The darker the color, the more favorable the climate conditions are for survival. The outlined areas represent approximate current range for each season. More on reading these maps.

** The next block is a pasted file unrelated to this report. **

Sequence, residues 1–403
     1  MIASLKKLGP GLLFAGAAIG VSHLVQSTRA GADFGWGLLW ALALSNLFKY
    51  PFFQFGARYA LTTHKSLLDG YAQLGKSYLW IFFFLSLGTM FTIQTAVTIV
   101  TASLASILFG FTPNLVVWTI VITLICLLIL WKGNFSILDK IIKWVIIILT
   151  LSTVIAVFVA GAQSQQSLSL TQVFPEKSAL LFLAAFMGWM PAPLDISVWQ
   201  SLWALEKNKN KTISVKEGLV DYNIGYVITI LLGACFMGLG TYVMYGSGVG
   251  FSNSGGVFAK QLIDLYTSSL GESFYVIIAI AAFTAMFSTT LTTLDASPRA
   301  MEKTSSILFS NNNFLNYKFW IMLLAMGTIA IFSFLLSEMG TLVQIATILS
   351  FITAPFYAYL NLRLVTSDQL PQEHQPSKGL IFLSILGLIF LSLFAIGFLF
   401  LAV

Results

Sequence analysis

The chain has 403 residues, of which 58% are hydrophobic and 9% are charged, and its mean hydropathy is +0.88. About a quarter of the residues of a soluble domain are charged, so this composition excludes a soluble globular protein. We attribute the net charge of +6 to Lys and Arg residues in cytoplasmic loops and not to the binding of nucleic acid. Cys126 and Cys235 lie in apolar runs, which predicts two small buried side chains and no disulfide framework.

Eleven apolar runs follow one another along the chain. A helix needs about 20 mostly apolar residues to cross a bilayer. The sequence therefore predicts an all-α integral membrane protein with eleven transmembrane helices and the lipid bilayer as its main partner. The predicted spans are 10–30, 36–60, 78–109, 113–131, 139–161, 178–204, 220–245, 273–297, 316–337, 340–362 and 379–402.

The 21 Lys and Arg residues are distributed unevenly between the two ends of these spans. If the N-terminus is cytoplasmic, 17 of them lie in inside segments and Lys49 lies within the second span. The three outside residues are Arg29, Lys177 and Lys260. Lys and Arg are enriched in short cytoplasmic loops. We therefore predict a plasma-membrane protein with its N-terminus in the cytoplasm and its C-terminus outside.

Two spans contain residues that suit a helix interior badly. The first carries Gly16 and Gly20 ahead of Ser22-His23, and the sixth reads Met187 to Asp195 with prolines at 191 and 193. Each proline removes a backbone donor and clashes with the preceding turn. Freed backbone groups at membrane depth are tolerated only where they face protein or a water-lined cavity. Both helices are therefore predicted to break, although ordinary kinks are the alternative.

Noisy and rambunctious, the Marsh Wren inhabits cattail marshes across much of the continent. Two populations are distinct, possibly representing separate species. Eastern birds require large marshland complexes, and local population declines have been documented; western birds are more adaptable, often occurring in small, degraded marshes. Audubon's climate model forecasts a 74 percent loss of current summer range, with some potential for expansion during the winter. At both times of year, the model shows a general drift northward of the potential range. If cattails are present in newly created areas of suitable climate, Marsh Wrens may adapt—especially in western North America.